Mobunny said...

So you come visit my blog, then I come to visit yours.... and the very first picture I see is JUST like the one we'd like to put on our 'empty' cabinet! I googled farm murals last night and saw some pretty ones......but this one outshines them all!

Glenda said...

Mary, what a joy to read about your childhood and the old red barn. My own childhood way down south of you was similar and the barn was a favorite place of mine. The kittens in the hay loft and the calves in the pens and we had chickens that laid eggs in the nests hung on inside barn walls. Thanks for sharing such beautiful memories and for visiting my blog, www.profilesandpedigrees.blogspot.com

Kalianne@BygoneBeauty said...

A delightful story and I love red barns - not something we see very often in Australia.

Kalianne@BygoneBeauty said...
This comment has been removed by a blog administrator.
Grand Life said...

Thanks for visiting my blog. I loved your post about "the Red Barn". I also grew up on a farm and my Grandfathers barn has been replaced by a cousins house but I still remember every nook and cranny. It was great to grow up on a farm.
Judy

Steven said...

A very nice blog and this story! Steven

Ele at abitofpinkheaven said...

how wonderful that that old red barn is standing. Our stately barn was hit by a tornado and a red steel structure stands in it's place. Not the same. Great memories you've shared. Thanks for your kind words on nmy blog.

Judith said...

I'm going to try again here, Mary.
I went back to your post on Dawn's blog because the only way I know how to get here is by clicking your name on your comment somewhere, and then I goofed and left a comment for you at Dawn's. I so enjoyed reading about your red barn days, and the animals, especially the bull. I am sure those times were the best of our lives.

After my GrandPa in Texas died, the town named a road that goes through his homestead for him. To people there now, it is only McMillan street, but I know it ran down along where the house was, and went by the hog pens, and then the barn. Thank you for reminding me of that.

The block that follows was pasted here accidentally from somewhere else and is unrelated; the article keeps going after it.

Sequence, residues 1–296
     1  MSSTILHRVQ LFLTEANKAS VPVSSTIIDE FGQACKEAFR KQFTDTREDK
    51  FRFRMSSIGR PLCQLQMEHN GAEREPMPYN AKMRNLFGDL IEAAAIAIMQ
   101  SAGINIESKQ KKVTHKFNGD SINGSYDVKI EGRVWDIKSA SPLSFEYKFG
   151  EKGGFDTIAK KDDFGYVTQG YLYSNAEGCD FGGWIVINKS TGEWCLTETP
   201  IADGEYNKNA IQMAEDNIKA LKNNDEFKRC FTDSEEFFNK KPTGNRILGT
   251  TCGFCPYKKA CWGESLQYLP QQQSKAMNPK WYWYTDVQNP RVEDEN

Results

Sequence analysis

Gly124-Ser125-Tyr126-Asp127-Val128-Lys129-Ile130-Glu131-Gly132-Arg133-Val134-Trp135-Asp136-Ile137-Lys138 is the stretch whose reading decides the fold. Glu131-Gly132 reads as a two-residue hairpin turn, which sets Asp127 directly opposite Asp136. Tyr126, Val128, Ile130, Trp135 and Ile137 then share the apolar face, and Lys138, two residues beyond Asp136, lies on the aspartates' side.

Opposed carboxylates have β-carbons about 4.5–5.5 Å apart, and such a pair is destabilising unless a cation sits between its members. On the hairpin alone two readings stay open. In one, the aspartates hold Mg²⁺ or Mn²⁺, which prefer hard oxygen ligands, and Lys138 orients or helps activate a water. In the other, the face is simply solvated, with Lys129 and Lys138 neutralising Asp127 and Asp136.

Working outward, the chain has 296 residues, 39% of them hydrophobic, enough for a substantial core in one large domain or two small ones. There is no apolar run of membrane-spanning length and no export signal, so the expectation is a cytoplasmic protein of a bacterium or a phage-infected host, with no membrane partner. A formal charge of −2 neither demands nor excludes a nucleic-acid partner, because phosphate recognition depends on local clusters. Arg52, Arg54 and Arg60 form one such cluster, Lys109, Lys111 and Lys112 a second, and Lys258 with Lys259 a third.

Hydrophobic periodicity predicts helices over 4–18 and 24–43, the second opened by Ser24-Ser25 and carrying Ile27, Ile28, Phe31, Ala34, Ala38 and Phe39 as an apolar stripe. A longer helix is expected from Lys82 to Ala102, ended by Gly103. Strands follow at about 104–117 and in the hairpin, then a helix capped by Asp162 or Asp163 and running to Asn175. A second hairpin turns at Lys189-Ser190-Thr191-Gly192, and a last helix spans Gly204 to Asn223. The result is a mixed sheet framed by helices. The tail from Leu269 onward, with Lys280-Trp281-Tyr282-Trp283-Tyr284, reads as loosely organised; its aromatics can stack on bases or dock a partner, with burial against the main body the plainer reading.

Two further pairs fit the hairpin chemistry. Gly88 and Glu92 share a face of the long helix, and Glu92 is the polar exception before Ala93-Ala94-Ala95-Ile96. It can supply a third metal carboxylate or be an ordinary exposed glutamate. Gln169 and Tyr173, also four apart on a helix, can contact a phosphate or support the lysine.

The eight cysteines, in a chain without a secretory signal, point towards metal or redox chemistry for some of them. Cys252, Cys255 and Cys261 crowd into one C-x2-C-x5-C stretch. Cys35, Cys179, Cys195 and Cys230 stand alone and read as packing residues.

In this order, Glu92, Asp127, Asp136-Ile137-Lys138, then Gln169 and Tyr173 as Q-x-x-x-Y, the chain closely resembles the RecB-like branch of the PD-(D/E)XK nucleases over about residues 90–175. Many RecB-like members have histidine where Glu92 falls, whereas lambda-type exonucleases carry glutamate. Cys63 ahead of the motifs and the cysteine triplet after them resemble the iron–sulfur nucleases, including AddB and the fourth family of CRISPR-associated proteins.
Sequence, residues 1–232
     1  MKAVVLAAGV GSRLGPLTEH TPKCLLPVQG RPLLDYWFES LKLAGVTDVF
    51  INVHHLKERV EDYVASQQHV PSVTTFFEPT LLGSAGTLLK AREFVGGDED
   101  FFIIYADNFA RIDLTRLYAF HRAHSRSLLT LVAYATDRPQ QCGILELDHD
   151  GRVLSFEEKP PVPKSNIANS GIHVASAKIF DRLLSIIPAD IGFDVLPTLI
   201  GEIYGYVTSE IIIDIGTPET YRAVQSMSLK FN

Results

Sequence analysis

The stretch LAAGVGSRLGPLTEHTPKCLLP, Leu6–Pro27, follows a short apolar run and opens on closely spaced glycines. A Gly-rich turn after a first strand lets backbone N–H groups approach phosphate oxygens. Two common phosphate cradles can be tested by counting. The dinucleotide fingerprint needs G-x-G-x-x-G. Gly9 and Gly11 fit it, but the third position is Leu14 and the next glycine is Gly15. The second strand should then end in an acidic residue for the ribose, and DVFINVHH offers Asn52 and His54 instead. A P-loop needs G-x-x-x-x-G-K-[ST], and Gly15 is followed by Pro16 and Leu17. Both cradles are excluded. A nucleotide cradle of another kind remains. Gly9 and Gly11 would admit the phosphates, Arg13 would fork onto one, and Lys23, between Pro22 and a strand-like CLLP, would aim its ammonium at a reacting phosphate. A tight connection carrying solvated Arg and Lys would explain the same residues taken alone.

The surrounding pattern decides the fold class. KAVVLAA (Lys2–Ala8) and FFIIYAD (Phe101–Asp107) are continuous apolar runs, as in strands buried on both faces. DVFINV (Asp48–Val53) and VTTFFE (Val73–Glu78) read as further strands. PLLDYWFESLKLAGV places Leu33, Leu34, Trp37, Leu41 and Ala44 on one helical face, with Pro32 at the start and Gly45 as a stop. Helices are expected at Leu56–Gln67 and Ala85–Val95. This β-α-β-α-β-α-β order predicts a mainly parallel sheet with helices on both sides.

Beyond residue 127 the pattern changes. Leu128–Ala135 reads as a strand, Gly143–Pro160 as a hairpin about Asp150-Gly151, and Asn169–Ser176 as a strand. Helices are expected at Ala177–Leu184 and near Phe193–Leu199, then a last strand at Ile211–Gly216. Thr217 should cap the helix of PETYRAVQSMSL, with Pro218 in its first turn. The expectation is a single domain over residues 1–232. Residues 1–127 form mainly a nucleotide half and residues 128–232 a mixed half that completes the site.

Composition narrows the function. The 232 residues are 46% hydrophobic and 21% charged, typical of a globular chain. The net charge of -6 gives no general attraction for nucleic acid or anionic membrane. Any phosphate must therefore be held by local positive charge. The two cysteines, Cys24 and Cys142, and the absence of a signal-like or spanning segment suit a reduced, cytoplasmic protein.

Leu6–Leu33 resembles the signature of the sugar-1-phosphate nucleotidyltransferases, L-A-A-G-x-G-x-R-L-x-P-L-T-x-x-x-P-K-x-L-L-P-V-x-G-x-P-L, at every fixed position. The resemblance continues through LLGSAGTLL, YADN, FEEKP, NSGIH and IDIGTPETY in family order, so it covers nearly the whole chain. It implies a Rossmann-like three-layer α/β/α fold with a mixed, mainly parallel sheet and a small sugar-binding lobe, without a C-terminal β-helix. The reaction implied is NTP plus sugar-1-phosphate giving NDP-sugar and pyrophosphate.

Melissa Wertz said...

Hi Mary! You have a beautiful blog. And beautiful stories!

Thanks for stopping by my site. To answer your question, I think the wellies just give me more of a barrier than hiking boots and bare skin. ;-)

I have always seen non poisonous snakes in my yard when working, until the last year. I hope that the copperheads are not running them off.

bj said...

Memories are so very precious and I think we are so blessed when we have precious memories to hold on to.
Thanks so much for stopping by to see my BLUE MONDAY offerings. I hope you will come back often.
love, bj

Sharon said...

What a lovely story. I love your great memories. I felt as though I was right there with you in the barn. I am so glad that you helped Betty deliver her calf. What a neat experience for you. It's too bad you had that scary experience in the silo and now have a fear of heights. I didn't use to have a fear of heights, but now that I am older I do.

Thanks for sharing!

hugs, Sharon

Kathy said...

Thank you for stopping by my blog and leaving a comment. I thought I would hop over and take a look at your blog as well.

What a wonderful story about the old red barn. I use to go spend time on my Aunt and Uncles farm when I was growing up and I have some wonderful memories of their barn. Thank you for sharing and bring back some pleasant memories for me.

Sarah said...

Hello sorry it took me so long to get back to you. Thank you for your comments. I deleted the fairy blog!! I recreated it on another site though. It is easier for people to join now. Well take care.

-Sarah

Peggy said...

beautiful memories!

Sarah C. said...

Hi Mary! You're invited to "My Favorite Things Monday" inspired by the Sound of Music! You sharing a picture and story of your current 'favorite thing' that cheered you up when life got you down, would be a blessing! I hope you can come! www.sarahlcc.blogspot.com

Thank you for sharing the memories.

Pia said...

thanks for the visit, mary. it's always nice to look back down memory lane. God bless you always, mary. =D

Michelle said...

Hey Mary,

Thanks for visiting my blog! What fond memories you have of your childhood. I always wished I could have grown up on a farm since I love animals so much. Of course I couldn't befriend the pigs or the chickens if they were going to be supper later! :)

Happy Halloween!

Michelle

Steven said...

very nice story! and this is a brilliant blog, I will read you in the future -I wish you a nice weekend and i hope so that everything will be okay - sends greetings to you - Steven May

Mara (the coffee lover) said...

awesome post!

Mary / Mariah said...

Thanks I love having the old post cards my grandparens got before I was born .
The name Lucky Cooper fits our new kitten . I think I'll be calling it Coop .
What a delight reading about your memories of your Grandpa farm . I lived on a farm until I was 7 and we moved to town . I really missed th old water bucket and long handled dipper we drank out of . We had an out house pumped our water out side . Had an old wood stove in the kitchen . So many mamories of our big dog Shep .
Thanks for reminding me .
Mary